Kids are at once a favorite photographic subject and ultimate challenge. All photographers need a child photography toolkit to reach into. Here are a few tips to help ensure the photographs you take are ones you actually like.
How Clothes Are Neglected in Child Photography
One of the most neglected element of child photography is clothing. A quick search of the internet will yield many examples of kids dressed in very trendy and “loud” apparel. While this may be OK for a snapshot, to create a photograph with a high “wow” factor, clothes have to be a priority. Select clothing that helps the child stand out as the subject, yet avoids “timestamps” which automatically mask the image with an unwanted air of fashion history. Stick with clothes with a more “classic” or timeless look.
One test to use is to ask if the child could be cut and pasted onto any kind of scene or background without their clothes giving away too much information about the year the image was taken.
Activity is the Secret Sauce
Kids photograph best when they are doing something that is enjoyable for them. Stick to activities which are simple, like running, climbing a tree, flying a kite, petting the dog, reading a book or swinging on a swing. In these situations, natural expressions of discovery and fun arise and images can be taken without the child even noticing. Further, there is less likelihood of getting a forced “smile” or awkward, stiff pose which ruins an image.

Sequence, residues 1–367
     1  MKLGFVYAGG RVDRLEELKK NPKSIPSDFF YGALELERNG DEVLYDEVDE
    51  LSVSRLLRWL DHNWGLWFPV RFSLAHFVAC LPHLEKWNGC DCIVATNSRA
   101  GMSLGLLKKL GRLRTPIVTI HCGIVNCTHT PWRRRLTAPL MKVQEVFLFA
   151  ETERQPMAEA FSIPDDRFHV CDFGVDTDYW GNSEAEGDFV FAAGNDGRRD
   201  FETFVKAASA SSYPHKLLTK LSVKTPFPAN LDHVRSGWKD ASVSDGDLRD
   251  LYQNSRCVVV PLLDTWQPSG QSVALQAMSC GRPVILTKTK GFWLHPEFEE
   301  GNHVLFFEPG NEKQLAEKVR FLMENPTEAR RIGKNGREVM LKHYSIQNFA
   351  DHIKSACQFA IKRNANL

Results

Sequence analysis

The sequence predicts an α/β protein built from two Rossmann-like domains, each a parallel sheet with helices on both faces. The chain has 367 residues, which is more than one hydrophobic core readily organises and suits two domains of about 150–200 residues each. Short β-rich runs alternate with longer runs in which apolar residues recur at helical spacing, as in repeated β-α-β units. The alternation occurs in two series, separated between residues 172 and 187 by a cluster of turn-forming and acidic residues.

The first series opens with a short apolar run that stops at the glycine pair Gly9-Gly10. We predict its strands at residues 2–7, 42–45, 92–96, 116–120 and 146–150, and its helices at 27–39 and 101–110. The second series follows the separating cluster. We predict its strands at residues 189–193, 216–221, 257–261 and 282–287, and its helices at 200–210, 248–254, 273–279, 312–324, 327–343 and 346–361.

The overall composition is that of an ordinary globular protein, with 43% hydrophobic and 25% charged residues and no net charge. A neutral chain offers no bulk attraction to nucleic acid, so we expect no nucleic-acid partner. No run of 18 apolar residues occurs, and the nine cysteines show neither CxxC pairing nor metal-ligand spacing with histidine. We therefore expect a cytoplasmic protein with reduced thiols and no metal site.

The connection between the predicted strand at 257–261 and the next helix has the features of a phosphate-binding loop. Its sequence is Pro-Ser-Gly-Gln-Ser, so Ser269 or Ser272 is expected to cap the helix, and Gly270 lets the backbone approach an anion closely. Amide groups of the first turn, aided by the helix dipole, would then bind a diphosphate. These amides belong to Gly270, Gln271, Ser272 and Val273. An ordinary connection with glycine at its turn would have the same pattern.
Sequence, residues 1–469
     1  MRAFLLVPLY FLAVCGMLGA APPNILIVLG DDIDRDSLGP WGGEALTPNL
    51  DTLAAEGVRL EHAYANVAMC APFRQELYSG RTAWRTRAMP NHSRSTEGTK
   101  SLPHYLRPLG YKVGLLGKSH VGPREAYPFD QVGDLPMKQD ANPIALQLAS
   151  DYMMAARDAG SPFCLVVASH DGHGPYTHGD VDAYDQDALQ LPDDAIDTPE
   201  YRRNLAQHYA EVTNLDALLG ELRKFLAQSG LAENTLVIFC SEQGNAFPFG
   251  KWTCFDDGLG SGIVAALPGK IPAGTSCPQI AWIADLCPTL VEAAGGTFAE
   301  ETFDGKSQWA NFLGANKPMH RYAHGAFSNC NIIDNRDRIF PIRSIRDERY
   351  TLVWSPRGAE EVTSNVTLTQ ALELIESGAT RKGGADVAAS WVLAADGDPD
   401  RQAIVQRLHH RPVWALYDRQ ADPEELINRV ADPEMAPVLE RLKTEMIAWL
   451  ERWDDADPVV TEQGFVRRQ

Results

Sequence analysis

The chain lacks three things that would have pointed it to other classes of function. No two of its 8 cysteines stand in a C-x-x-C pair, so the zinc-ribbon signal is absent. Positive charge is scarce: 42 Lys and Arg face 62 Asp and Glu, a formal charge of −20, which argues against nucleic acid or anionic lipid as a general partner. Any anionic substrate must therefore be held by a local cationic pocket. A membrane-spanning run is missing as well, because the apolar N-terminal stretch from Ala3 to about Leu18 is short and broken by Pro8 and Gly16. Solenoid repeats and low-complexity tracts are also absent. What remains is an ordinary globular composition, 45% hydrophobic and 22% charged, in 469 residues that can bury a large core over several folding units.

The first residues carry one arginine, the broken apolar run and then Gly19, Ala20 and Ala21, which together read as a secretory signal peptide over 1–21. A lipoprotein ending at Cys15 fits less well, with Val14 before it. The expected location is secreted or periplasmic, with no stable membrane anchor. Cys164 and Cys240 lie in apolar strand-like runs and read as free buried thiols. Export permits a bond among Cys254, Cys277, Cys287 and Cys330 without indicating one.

Showing interest in what they are doing and talking to them about what is going on also gets kids talking and “showing” you what they are experiencing at the moment. Follow the cues given to you by the child and try to see things as they do. Your shots will be more kid-centered and ultimately more interesting.
Get on Eye Level for More Powerful Composition
Photographs of kids that are engaging and interesting show them in the world from their own perspective. Kids are short. This means you will have to crouch down, or lie flat on your stomach and stabilize the camera with your elbows to achieve this. Photographs which show a child as an adult views them is something all of us experience every day. Such images will not be “new” nor will they capture kids with any integrity of who they are at this moment.
How Expressions Add Emotion to Any Child Photograph
Often, the first thing we ask a child to do is “smile” at the camera. But if you think about kids, most of their time is NOT spent smiling. They are inquisitive, curious, fascinated, entertained, disappointed, astonished, grumpy and the list goes on. While true laughter is the quintessential expression to capture for kids, don’t forget that other expressions, naturally caught, can make a just as astounding photograph. Even if you are photographing a child in a studio setting, try to illicit natural expressions that are either neutral or better.
Get Input for More Natural Photos
Often, we assume children have no opinions about themselves. And while this may be true of a 2-year-old, it is not long after this that kids begin to develop a sense of self.
No matter how basic, or how oversimplified their responses may be, try asking them what they think they like about themselves, or what part of their face they like best. Of course, you and I know that they have no idea probably, but it gets them thinking and helps them to become a partner in their own portrait. Even if what they say is useless from a photographic perspective, it is likely to entice new and different expressions which have yet to be caught on camera for them.
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